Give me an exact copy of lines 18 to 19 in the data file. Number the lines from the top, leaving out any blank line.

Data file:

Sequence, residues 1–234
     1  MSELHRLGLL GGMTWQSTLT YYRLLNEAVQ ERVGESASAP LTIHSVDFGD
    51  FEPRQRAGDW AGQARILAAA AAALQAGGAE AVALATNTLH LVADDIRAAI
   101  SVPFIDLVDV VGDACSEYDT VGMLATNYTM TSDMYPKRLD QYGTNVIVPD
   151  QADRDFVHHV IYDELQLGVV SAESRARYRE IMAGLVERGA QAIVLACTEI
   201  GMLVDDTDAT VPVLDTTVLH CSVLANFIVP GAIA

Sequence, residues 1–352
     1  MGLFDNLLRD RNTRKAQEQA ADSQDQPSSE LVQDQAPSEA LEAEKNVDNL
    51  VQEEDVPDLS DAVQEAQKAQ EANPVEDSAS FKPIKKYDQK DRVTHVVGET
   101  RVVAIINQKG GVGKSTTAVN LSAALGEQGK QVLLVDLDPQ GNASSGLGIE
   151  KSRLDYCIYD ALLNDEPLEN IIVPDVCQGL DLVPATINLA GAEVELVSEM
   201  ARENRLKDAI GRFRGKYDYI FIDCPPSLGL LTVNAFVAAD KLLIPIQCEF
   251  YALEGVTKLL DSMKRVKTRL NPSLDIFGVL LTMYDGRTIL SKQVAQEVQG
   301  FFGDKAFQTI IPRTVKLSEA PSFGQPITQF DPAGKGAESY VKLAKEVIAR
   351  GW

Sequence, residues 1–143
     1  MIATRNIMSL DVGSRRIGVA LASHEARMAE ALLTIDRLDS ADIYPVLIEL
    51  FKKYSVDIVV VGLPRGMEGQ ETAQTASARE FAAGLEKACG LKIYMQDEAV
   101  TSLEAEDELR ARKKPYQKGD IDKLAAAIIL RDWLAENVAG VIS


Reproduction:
    51  FKKYSVDIVV VGLPRGMEGQ ETAQTASARE FAAGLEKACG LKIYMQDEAV
   101  TSLEAEDELR ARKKPYQKGD IDKLAAAIIL RDWLAENVAG VIS